The suspicion that this show may be weighted towards the latter part of the decade is strengthened by the panel of Joy Division bassist Peter Hook, Slits guitarist Viv Albertine and Loyd “I was in a punk band you know” Grossman, the latter a top bloke but a very odd choice indeed.

Still, it’s Danny’s show and the man is always worth watching – and since he spent the 70s first as a a teenager, then a record shop assistant and finally the funniest and best journo ever to write for the NME, his is a voice worth listening to.

There’s Danny’s selection of archive clips at 10.30 too, in which the links will undoubtedly be even better than the music (which will be great, obviously). Continues on Tuesday and Wednesday with the Eighties and Nineties.

The Life Of Rock with Brian Pern, BBC4, Monday

Splitting the two sections of the Baker seventies retrospective, and redressing the balance a little in favour of the early seventies, prog legend Brian Pern – unfairly neglected by most scholars of music in this era – presents this alternative take on the history of rock.

Brian has done it all in a long career, and this documentary series looks unmissable.

Monday – Lauren Laverne, 6 Music

Temples have been getting a lot of positive attention in the run up to their debut album, which comes out this week. They play a live sesh with Lady La-La which despite being on at a time when wage slaves are all toiling away at t’mill, will be available on Listen Again.

I will take any excuse going to play Temples. This was their debut single.

Tuesday – I’ve Played In Every Toilet, Radio 4

The excellent John Harris mourns the decline of the UK’s toilet circuit – a network of crappy, cheap and cheerful venues where up and coming bands learn their trade and spread the word. Inluding, I’m pleased to note, the Forum in that legendary rock and roll hotbed of Tunbridge Wells, which is an actual converted toilet 8=)

From where I’m standing, I’d say venues are still surviving well if not actually thriving – a good example being Joiners in Southampton which has gigs on most nights. This is a nice clip of local boy Frank Turner returning to play one of the places that helped him on the way up.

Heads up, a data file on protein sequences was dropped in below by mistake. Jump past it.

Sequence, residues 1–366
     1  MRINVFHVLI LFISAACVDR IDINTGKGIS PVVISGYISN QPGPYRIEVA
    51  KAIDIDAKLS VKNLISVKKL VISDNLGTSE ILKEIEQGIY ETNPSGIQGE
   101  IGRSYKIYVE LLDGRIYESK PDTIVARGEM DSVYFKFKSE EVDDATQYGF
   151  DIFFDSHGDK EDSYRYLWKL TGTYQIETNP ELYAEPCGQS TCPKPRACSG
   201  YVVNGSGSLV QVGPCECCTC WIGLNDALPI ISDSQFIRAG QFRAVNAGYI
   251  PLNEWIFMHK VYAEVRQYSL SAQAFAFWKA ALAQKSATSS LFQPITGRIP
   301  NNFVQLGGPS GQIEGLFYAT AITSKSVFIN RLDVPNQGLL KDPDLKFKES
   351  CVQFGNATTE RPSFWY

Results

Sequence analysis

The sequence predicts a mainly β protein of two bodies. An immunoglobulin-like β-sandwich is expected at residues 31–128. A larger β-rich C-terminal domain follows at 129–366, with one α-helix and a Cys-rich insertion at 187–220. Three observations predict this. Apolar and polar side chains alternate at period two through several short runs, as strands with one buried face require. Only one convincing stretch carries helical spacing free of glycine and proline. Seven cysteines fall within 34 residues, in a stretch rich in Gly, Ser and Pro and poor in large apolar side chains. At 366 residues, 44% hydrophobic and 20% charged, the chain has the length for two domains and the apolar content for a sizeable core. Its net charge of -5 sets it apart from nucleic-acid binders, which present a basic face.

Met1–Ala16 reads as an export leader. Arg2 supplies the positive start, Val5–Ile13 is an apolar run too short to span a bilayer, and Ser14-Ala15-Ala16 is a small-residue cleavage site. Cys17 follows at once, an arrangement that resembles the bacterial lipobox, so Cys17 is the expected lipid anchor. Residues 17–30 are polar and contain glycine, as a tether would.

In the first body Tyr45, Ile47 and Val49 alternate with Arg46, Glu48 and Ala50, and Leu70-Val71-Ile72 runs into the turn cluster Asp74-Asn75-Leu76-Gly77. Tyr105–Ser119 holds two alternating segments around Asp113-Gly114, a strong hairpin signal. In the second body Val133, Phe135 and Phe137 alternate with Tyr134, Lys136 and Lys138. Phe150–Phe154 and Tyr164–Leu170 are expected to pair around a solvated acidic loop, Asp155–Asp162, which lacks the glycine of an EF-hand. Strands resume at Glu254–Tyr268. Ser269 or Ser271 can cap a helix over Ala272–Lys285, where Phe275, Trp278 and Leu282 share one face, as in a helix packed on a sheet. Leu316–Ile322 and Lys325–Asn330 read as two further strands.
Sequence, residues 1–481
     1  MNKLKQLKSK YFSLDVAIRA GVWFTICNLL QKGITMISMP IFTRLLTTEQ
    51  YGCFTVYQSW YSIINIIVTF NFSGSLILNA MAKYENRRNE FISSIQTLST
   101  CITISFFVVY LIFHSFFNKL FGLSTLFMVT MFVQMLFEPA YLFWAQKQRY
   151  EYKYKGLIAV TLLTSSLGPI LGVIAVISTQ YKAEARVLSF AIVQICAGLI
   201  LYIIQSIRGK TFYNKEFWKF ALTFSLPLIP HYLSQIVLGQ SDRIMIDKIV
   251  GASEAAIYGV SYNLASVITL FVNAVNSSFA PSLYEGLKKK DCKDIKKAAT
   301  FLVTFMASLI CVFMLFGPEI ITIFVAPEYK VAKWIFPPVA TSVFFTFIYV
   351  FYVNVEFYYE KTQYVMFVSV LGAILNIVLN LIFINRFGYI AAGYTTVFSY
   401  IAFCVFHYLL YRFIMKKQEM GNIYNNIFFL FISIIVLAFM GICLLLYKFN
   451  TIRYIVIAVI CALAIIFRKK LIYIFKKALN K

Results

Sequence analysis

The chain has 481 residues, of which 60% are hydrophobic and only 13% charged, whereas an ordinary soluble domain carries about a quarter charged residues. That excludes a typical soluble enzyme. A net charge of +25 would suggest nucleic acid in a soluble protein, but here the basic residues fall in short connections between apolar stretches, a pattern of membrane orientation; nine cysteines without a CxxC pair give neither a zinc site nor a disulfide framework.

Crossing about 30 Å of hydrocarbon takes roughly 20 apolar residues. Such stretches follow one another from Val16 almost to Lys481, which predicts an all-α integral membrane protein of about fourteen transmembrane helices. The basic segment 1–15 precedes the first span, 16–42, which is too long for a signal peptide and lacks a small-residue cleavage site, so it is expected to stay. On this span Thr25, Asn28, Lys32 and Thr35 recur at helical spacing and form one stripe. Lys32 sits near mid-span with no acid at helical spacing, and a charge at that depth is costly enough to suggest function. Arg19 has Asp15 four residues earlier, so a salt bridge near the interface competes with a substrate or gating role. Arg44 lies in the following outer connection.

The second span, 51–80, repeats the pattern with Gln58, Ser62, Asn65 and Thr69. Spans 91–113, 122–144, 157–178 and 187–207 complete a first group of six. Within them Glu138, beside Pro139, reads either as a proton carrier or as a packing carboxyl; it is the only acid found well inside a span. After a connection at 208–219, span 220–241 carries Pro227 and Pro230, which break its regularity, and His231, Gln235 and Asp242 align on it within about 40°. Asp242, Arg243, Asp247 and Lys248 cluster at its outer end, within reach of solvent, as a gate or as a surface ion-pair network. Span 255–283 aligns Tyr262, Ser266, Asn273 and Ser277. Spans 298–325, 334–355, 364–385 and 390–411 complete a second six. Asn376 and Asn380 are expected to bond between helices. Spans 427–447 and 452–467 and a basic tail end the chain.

Thursday – Johnnie Walker’s Long Players, Radio 2

David Hepworth and Johnnie Walker discuss a couple of classic albums. The format is a good ‘un, but it does pretty much live and die on whether you like the records they pick each week. This week’s is a cracker, featuring Blondie’s “Parallel Lines” and Elvis Costello’s first LP with the Attractions, “This Year’s Model”.

Should be something there for most tastes. Haven’t mentioned regulars like the Charlie Sloth show on 1Xtra and Marc Riley on 6 Music, both excellent all the time. This is a clip of Charlie’s visit to an old peoples’ home to perform a rap (as MC Gravedigga)

I Got 99 Problems But Me Gran Ain’t One

 

Josefin Winther, Norway’s finest

Josefin Winther – Rattlesnake, Islington 6th August 2013

There’s a receptive crowd at the Rattlesnake in Islington, a small venue generally home to folky and other acoustic acts.

Josefin Winther is a Norwegian musician now resident in Brixton – good choice btw, South London, as the football song goes, is indeed wonderful. Josefin Winther has released a couple of albums

Classically trained, on the cello no less, she began writing her own songs in her early teens.

She has released two albums – 2008’s “Be Proud Or Stay Out Of It” is a straight band album while on the more recent  “Raising Armies” she mixes in some quieter stuff with the rawk, to the immense benefit of the excellent lyrics.

She’s been performing around clubs in London as a solo artist, but tonight she has the full band over from Norway.

She switches the mood seamlessly between rock numbers and slow solo number, helped by her between-songs patter which is both engaging and genuinely funny.

Standout track for me is “These Good Times Are Killing Me” which incorporates wordgames that Laura Marling would be proud of with an excellent Dave Gilmour-inspired guitar solo from guitarist / musical arranger Kristian Fanavoll Tvedt.

Comparisons to PJ Harvey and Patti Smith have been made but Josefin reckons she had never heard either artist until people told her that’s who she sounded like, and I can believe this.

There’s a lot more music in the backing than Patti ever manages. And the instrumentation and arrangements are more straight-ahead classic rock than Peej,

Like most singer-songwriters, there’s clearly a huge personal slant to the lyrics, and that’s where she really scores big – echoes of Springsteen, at least to these ears. (“I ain’t crying cos baby, I don’t cry”)

Here’s one of the solo numbers, “Change Of Heart”

And a newer song, with the fantastic title of “The Shit You Pulled Before”. I wouldn’t worry about the cussword limiting airplay too much, Josefin – we live in an era where Fuck Buttons can get on the radio. It’s all good.

 

Josefin Winther’s a special talent. Check her out.